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FISHERMEN ARE AMONG the world’s greatest story tellers. They also can be pretty shrewd when it comes to figuring out cool ways to rig or modify baits to fool more fish.
Bass fishermen are particularly crafty, especially with their plastics. Changing hook position or adding a little weight here and there can mean subtle or drastic changes in the action, fall rate and overall performance of a soft plastic lure like a worm, stick bait or creature. At times, may add up to more bites.
Mississippi bass pro Paul Elias gave soft swim bait fishing a new twist way back in October 2011 when he rigged five paddle tail swimmers on homemade jig heads and attached them to a weird-looking fishin’ apparatus not many in the bass fishing community had ever seen before — now known as The Alabama Rig.
Elias gave the A-rig a coming out party on Lake Guntersville in Alabama, site of the FLW Tour Open bass tournament. He found the fish suspended in the water column over deep water and exploited them to the tune of 102 pounds, 8 ounces on 20 bass over four days — a whopping 17-pound margin over second place. Elias pocketed $100,000.
While matching a five-inch swim bait with a jig head was nothing new at the time, throwing them five at a time on a rig with as many spread wires and swivels connected to a single head was a tactic not many bass anglers had tried, or heard of.
Elias changed all of that. The A-rig has since proven so deadly it is now banned in some tournaments and considered an IGFA records rule violation if equipped with more than one live hook. However, it is perfectly legal for recreational use on Texas waters. It’ll work year-round, but anglers have found it to be most effective at times when bass are herding shad over deep, open water. The belief is the cluster of swim baits simulates a pod of fleeing shad that invokes a violent predatory response in bass.
There are several other ways to rig soft plastics that break the conventional molds of Texas and Carolina rigging, several of them intended for finesse or high pressure situations when the bass are wanting something a little bit different. Here are a few worth trying:
The worm is hooked through the middle of the body, usually through the egg sac. This causes the worm to dangle freely at both ends and creates a peculiar action.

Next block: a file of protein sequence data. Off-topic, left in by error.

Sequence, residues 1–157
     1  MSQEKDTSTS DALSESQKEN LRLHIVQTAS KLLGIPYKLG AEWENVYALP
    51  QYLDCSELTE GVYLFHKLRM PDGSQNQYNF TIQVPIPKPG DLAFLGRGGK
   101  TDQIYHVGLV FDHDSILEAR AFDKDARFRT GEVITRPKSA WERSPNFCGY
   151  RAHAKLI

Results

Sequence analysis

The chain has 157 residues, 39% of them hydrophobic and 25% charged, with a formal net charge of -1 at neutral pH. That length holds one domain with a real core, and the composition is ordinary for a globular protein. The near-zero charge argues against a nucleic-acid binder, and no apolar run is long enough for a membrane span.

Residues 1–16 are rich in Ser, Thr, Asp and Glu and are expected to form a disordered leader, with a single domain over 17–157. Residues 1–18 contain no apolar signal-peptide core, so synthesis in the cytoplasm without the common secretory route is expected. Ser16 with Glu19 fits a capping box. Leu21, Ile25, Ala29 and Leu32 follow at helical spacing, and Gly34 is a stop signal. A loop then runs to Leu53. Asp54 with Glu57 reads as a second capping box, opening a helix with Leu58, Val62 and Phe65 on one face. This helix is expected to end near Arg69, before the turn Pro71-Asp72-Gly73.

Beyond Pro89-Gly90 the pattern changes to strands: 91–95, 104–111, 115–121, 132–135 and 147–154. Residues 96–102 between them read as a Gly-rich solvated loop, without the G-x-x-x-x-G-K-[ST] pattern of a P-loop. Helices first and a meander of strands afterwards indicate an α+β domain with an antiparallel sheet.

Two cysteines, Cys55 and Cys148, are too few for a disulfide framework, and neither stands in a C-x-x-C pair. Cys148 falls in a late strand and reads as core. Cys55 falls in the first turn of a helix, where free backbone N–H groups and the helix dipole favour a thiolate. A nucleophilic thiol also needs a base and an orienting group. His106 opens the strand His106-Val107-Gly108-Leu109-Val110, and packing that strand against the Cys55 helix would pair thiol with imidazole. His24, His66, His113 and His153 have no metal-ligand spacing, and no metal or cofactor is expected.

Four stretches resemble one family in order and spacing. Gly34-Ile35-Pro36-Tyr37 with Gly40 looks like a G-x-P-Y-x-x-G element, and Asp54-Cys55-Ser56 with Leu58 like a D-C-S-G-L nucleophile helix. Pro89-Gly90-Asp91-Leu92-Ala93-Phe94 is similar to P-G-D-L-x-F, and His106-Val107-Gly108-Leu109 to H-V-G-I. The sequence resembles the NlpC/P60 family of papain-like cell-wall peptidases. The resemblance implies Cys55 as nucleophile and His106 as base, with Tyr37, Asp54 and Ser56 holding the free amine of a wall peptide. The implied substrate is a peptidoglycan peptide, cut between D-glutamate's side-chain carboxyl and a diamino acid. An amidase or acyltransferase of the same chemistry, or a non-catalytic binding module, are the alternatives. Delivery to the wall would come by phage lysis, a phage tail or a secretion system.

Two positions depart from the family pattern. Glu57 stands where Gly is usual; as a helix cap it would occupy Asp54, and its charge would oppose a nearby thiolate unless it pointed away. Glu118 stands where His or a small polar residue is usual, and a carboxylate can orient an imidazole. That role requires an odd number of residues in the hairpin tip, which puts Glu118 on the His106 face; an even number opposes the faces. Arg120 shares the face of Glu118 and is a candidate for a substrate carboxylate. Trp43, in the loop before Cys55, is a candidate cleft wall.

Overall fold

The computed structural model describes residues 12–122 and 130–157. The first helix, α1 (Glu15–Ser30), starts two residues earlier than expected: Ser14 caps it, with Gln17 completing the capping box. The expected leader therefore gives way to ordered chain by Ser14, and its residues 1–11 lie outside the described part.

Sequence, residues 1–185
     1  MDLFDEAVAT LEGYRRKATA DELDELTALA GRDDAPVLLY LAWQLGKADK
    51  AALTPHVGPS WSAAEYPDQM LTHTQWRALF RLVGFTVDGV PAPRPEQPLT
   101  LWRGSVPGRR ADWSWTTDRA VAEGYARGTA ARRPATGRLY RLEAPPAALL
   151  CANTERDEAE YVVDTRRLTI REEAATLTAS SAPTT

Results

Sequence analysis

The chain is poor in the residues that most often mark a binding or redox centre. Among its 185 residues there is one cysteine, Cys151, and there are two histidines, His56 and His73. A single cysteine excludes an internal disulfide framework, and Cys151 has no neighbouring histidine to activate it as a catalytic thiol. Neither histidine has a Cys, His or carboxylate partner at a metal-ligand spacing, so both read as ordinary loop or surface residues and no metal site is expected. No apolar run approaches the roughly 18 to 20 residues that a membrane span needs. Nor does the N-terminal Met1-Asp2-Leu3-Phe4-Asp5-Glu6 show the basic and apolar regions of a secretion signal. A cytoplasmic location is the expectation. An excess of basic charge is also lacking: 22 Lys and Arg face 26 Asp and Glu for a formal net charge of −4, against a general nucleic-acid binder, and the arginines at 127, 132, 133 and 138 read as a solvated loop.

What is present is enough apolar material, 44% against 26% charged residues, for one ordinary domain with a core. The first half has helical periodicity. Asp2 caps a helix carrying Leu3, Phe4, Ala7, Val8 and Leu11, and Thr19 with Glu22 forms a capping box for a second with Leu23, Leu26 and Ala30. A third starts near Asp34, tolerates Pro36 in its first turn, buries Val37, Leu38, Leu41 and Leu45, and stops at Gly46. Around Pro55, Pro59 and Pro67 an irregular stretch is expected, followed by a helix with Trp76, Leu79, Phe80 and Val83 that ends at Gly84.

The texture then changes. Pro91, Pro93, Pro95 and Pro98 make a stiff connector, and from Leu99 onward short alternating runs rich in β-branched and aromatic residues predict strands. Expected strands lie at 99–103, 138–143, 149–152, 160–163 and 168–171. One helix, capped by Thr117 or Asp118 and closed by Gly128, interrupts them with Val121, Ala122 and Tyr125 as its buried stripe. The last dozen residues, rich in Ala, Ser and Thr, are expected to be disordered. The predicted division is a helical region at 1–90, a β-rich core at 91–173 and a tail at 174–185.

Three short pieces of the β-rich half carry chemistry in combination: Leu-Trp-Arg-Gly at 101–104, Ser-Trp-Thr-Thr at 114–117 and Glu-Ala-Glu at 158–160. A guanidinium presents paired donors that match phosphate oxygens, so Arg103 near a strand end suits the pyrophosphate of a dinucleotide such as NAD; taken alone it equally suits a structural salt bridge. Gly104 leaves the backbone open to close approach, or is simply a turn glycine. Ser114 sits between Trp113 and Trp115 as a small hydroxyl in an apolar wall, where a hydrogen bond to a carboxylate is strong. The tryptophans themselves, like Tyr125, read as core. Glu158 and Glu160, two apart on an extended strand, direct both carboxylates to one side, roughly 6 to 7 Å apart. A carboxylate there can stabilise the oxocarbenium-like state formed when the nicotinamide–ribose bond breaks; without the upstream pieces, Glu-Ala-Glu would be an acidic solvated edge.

Cast it out, let it sink a few seconds and move it towards the boat using subtle twitches with the rod tip, pausing occasionally to let the bait sink in the water column. The center-punched worm pulsates at both ends when twitched and sinks horizontally with a slow, fluttering action when paused. Most strikes come on the fall.
It’s a modified version of the wacky rig. A small exposed or weedless hook is cross hooked through the body cavity or parallel with the body, usually just below the bait’s egg sack or mid-section. Some anglers prefer to slip a rubber O-ring around the body and use it to hold the hook in place when cross hooking. The idea is it prevents tearing up soft baits prematurely.
A light weight with a sharp end or screw insert is center punched in the head. Several manufacturers like Z-Man, Big Bite Baits, Mustad, Damki and VMC offer weights specifically for Neko rigging. You can also use a small finishing nail.
The bait pulsates when twitched; keep slight tension on the line to keep the bait standing upright, head down, as it moves through the water.
A modified version of the Neko rig intended for weedless applications. The hook is Texas rigged along the body cavity rather than leaving the point exposed. This makes the Neko rig virtually weedless so it can be fished through grass and other cover with less worry of hanging up. VMC’s Finesse Neko hook works great for chicken rigging.
Easy to build and simple to fish, the drop shot is a light-line tactic where the hook is tied to the main line leaving a lengthy leader (a foot long or more) for attaching a special drop shot weight that hangs directly below. Be sure to run the leader tag back through the top eye of the hook before attaching the weight. This keeps the hook facing upright.
The mechanics of the set up keep the bait elevated off the bottom and away from the weight. This gives the bait a natural action and limits resistance when a fish eats it. Small finesse worms hooked through the nose rule in drop shot arenas. Several companies make specialty drop shot weights that are cylinder or ball-shaped with a clip for securing to the line quickly.
Hardly a secret among tournament pros, the drop shot is a popular tactic when fishing vertically for schools of fish relating to bottom or suspended in deep water. It also can be effective when cast and dragged across the bottom like a Carolina rig on gravel banks or around docks and other structures.
The rigging is basically the same as the drop shot, except it calls for heavier tackle, line, an EWG style hook and a 3/4-ounce cylinder weight to go after fish buried up in thick vegetation using a vertical presentation. It’s a good idea to add a sturdy barrel swivel on the main line, ahead of the hook, to reduce line twist.
The mini model is built similar to the standard Carolina rig, except the slip sinker is significantly smaller, 1/8 to 1/4 ounce. Secure the weight between two bobber stops, or using a rubber Peg-It strip that slides between the slip sinker hole and the line.
This allows for sliding the weight up or down to adjust leader length without damaging the line. Ideal in shallow water situations around grass and other cover when other tactics aren’t cutting it.
—story by MATT WILLIAMS